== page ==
Whether the district court's exercise of its discretion pursuant to Rule 4(m) is cabined by Rule 6(b)(2)'s requirement that “excusable neglect” be found, or by equitable factors, compare Turner v. City of Taylor, 412 F.3d 629, 650 (6th Cir.2005), with United States v. McLaughlin, 470 F.3d 698, 700 (7th Cir.2006); see generally Wright & Miller, § 1166, dismissal of a case pursuant to Rule 4(m) is appropriate when the plaintiff's failure to effect proper service is the result of inadvertence, oversight, or neglect, see Wei v. Hawaii, 763 F.2d 370, 372 (9th Cir.1985), and dismissal leaves the plaintiff “in the same position as if the action had never been filed,” H.R. 7152 Amendments to Federal Rules of Civil Procedure, 1982 U.S.Code Cong. & Admin. News 4434, 4442. The district court found that plaintiffs had not shown that there was “some cause” for an extension of time on the grounds that the statute of limitations would bar refiling the complaint, their service deficiencies existed for only a limited period of time, or they were unsophisticated pro se litigants as to whom latitude should be given to correct their mistakes. Mann, 729 F.Supp.2d at 198–200. Plaintiffs fail to show the district court's factual findings with respect to these equitable factors are clearly erroneous, see Anderson v. Bessemer City, 470 U.S. 564, 573–74, 105 S.Ct. 1504, 84 L.Ed.2d 518 (1985); Fed.R.Civ.P. 52(a)(6), or that the district court failed to consider a relevant factor, see Kickapoo Tribe of Indians v. Babbitt, 43 F.3d 1491, 1497 (D.C.Cir.1995), or that the district court otherwise abused its discretion in refusing to extend the time to effect service.
Specifically, the district court found that plaintiffs had failed to provide enough information to gauge the legitimacy of their concern that they would be unable to refile their complaint if it were dismissed. Plaintiffs stated in their Response that they had filed their complaint “inter alia, because of statute of limitations considerations,” Response ¶ 7, but did not identify any particular statute of limitations that would bar refiling much less “which—if any—of their numerous claims would be time barred,” Mann, 729 F.Supp.2d at 199. Plaintiffs provide no further information on appeal. The district court also found that plaintiffs had not been diligent in correcting the service deficiencies; although alerted to their non-compliance with Rule 4(m) and the potential for dismissal of the case nearly five months earlier, plaintiffs had taken no action to remedy their non-compliance and had not responded to the Motion to Dismiss. See id. (citing D.D.C. LcvR 7(b)). (During oral argument in this court plaintiffs stated, for the first time, that they did not file proofs of service because the process server they hired using the website “Craigslist” had disappeared, Oral Arg. Tape 1:55–2:13, but offered no explanation for failing to proceed with a new process server or seek a Rule 4(d) waiver.) The district court further found that the additional latitude it “typically affords pro se litigants” to correct defects in service of process was unwarranted; the two pro se plaintiffs had been notified of the requirements of Rule 4(m) and appeared “not [to] be typical, unsophisticated pro se litigants” but businessmen with extensive litigation experience, one of whom had formal legal training, and both of whom worked in tandem with counsel for the corporate plaintiffs. Mann, 729 F.Supp.2d at 199–200 (citing Moore v. Agency for Int'l Dev., 994 F.2d 874, 876 (D.C.Cir.1993)).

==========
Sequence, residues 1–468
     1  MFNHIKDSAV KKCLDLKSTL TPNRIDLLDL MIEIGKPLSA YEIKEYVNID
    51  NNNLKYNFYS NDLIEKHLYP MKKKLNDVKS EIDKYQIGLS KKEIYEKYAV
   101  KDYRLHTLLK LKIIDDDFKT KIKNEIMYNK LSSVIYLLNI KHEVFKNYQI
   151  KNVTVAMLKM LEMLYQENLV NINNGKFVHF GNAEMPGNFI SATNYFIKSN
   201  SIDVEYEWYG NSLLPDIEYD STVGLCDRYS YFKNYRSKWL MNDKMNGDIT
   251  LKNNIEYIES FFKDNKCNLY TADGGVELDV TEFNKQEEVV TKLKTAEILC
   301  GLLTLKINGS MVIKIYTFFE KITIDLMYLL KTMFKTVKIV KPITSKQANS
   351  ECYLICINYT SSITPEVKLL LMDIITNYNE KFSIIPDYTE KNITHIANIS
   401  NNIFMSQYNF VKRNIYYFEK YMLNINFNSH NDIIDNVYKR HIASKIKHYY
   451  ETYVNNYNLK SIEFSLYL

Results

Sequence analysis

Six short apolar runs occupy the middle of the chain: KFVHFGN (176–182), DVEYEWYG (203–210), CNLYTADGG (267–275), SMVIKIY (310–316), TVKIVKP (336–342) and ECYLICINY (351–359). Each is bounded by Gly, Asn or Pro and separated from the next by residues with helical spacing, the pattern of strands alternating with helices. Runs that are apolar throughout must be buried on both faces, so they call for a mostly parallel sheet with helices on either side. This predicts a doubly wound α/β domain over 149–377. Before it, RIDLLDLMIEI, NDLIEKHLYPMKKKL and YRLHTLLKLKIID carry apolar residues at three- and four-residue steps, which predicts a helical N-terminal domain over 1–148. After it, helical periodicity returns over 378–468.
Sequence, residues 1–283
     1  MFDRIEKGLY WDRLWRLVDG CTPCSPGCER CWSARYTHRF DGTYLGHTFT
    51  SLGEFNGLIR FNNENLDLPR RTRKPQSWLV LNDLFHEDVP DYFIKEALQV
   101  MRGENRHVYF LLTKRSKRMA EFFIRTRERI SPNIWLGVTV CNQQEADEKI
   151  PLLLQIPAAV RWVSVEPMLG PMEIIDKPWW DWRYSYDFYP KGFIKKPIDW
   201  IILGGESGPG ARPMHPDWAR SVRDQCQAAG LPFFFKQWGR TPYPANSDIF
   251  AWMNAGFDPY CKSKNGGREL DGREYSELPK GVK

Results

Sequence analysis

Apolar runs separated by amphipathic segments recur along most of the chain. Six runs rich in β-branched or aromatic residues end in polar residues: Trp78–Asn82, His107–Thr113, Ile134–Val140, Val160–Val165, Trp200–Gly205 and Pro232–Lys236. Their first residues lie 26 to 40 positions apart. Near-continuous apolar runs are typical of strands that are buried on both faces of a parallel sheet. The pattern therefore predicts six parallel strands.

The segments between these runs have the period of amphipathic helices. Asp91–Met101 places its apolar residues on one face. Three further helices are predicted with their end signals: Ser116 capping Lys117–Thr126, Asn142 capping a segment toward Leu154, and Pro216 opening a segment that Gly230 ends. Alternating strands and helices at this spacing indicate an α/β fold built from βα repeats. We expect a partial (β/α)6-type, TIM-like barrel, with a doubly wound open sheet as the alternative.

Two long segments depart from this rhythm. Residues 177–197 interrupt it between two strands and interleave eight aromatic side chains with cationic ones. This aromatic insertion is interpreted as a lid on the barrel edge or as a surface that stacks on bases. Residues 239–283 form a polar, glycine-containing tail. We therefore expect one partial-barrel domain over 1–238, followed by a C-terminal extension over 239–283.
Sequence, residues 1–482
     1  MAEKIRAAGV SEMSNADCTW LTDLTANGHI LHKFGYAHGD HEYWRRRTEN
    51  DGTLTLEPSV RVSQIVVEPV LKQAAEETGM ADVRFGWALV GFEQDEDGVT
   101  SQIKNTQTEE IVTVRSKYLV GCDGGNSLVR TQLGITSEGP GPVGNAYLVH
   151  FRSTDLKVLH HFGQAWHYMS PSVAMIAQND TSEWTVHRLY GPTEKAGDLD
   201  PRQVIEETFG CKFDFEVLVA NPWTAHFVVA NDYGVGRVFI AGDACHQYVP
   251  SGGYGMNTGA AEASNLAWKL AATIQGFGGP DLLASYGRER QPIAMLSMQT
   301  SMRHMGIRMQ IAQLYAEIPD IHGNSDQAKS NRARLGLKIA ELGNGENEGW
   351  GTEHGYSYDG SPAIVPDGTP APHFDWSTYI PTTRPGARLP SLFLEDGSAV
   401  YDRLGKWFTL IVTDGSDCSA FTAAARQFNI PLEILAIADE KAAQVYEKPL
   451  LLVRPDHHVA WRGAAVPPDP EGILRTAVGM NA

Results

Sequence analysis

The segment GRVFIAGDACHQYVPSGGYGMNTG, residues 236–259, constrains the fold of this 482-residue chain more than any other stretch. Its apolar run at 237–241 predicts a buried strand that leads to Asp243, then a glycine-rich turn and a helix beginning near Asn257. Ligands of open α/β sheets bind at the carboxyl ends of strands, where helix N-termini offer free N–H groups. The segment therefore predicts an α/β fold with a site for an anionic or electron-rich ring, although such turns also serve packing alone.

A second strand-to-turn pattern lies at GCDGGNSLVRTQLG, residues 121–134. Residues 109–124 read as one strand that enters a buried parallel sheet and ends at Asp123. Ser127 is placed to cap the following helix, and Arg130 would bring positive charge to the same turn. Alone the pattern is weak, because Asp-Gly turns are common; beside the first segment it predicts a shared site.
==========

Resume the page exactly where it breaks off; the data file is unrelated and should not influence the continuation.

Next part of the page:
Accordingly, we affirm the order dismissing the case without prejudice.
Opinion for the Court by Circuit Judge ROGERS.